What keeps us us a nation from de
terioration ? Tlio bone and sinew of tlio
land Iho cultivators of the soil the con
querors of our new land the men who
build our cities and tlio great highways
between them , who dig our coal and labor
willi hand and body in all our factories.
It is trne'lhat brain directs all tiii.s activ
ity , but muscle is tlio motive-power And
the nuiscla of one generation is the source
and support of tliu brain-iiowcr of the
following generations. "What clso ac
counts for the prodigal activily" of the
descendants of tlio early faotllors of this
country but the fact that obliged , when
cast on a land like ours , to battle with the
elements and conquer the forests bv their
own bodily strcnglh , Ihoy lived an outdoor -
door lifn in Ihe main , and slorcd up an
immense "capital ol vitality" which they
handed down to their posterity ? Sonio
nf that posterity are not content to nso
the interest of that capital , but nro spend
ing the principal. What is the consequence
quence ? Not only cnfcoblomcnt of body
and mind , bulslorillly ; and Ihus many of
the old New England families are dying
out in the homos of their race , and are
giving place to the strong new-comers.
As to individuals , what kinds of men
fight their way to the front ranks in all
callings , and hold their places there , as
mon eminent in their day and genera
tion ? Men of strong body. Consider
the premiers of England men like
Biojiigliam , I'almerston and Gladstone-
working at an ago when many a weaker
man would either bo in his grave or bo
preparing for it. Some exercise nor. > e-
back riding or felling trees keeps up
their strength long after threescore and
ton. It is only necessary to mention
Washington , Jackson , Webster and Lin
coln to call attention to Iho fact that
among eminent American public men
vigor of mind and vigor of body go to
gether. Notice the great pulpit orators
of to-day such as Spurgcon , Bcechor ,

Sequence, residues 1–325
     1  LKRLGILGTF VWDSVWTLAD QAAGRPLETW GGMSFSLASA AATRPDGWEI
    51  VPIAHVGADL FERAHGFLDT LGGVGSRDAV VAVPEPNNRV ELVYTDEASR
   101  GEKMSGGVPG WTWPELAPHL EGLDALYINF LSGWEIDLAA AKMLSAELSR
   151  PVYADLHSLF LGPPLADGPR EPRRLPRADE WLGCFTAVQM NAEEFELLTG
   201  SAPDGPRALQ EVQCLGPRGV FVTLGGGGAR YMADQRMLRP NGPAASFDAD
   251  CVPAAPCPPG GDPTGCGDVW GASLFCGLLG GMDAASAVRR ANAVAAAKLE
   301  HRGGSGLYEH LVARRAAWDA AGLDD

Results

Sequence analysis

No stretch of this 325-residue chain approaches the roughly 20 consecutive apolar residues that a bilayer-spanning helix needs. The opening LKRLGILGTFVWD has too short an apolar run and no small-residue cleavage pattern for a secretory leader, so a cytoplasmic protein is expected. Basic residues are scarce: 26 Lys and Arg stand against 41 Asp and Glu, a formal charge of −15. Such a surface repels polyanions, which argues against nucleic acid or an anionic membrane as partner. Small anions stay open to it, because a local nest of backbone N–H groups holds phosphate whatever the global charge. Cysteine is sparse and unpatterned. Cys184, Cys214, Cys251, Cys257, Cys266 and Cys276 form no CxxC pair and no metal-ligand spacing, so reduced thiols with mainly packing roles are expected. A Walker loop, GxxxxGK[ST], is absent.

John Hall and Phillips Brooks. Among
moneyed mun , did not Commodore Vnn-
dorbilt owe something of his vast fortune
to his strong body ? Could ho have en
dured the strain of building that fortune ,
and would ho have had the vigor to extend -
tend it , had it not been for the out-door
life of his early manhood ? if you find a
really successful mnn , who builds and
keeps either a reputation or a fortune by
honest hard work , ho is generally a man
of vigorous body. "All ( irofossioual
bloftrapliy teaches that to win lasting
distinction in sedentary in-door ocoupa-
lions , which task.Iho . brain and nervous
system , extraordinary touciinc'ss of body
must accompany extraordinary mental
r.oxvor. " Again , " 'fo attain success and
length of service in any of the Iq'nipit
PrSaJS'sloirt , innjr.djjnn ; tliiu gj lc.plilng , i\ \
vigorous body is Weil-nigh essential.7'
It would bo out of place to advise a
farmer who is already tired of digging
and plowing , or a mason who has had
enough of urioklnying , to exercise his
body. A little play to limber the slifl'cned
muscles might bo a good thing. A little
brain-work might bo bettor. But of real
hard-working oxcrciso of bodty each workingman -
ingman gets enough from his day's labor.
If lie only got good food and enough of
it , and have time for sufficient sloop , and
get pure Air to breathe , and clean water
to drink and to balho in , ho will do well
nnough , as far as bodily hoaltu is con
cerned. But to brain-workprs and lo all
persons of sedentary habits it can be
truly said that vigorous cxorciso of the
entire body is not only advisable it they
would enjoy health , but that it is abso
lutely essential to that life. .The London
Tlmps of Pocember ] Q , I S , records the
physical and mental deterioration which
has fallen on the civil servants of India ,
described by an Indian correspondent :
"Since the institution of competitive ex
aminations , out of n hundred-odd civil
ians nine have died and two have been
forced to retire on account of physical
debility. Ten more were considered quito
unfit for their work on account of bodily
weakiies and eight have positively be
come insane. " Hero is a record of twenty-
nine out of a hundred persons physically
deficient. The hundred belonged to one
of the strongest races of the earth. Does
not the fact testify to the great demands
of civilization on the vitality of thopcoplo
of modern times ? But it will bo replied
that the climate of India had something
to do with the facts Well , read what Dr.
E. II. Clarke says of our country : "No
race of human kind has yet obtained a
permanent foothold upon tins continent.
.Mounds at the west , vestiges inFloiida ,
aim traces elsewhere , proclaim at least
two extinct races. " "Tho Indian whom
our ancestors confronted was losing his
hold on the continent when the May
flower anchored in Plymouth Bay , and is
now also rapidly disappearing. It re
mains to be soon if the Anglo-Saxon race ,
which has ventured upon a continent
that has proved the tomb of antecedent
races , can bo more fortunate than they
in maintaining a permanent grasp upon
this western world. Ono thing , at least ,
is snro : it will fail , as previous races have
failed-unless it can produce n physique
and a brain capable of meeting success
fully the demands that our climate and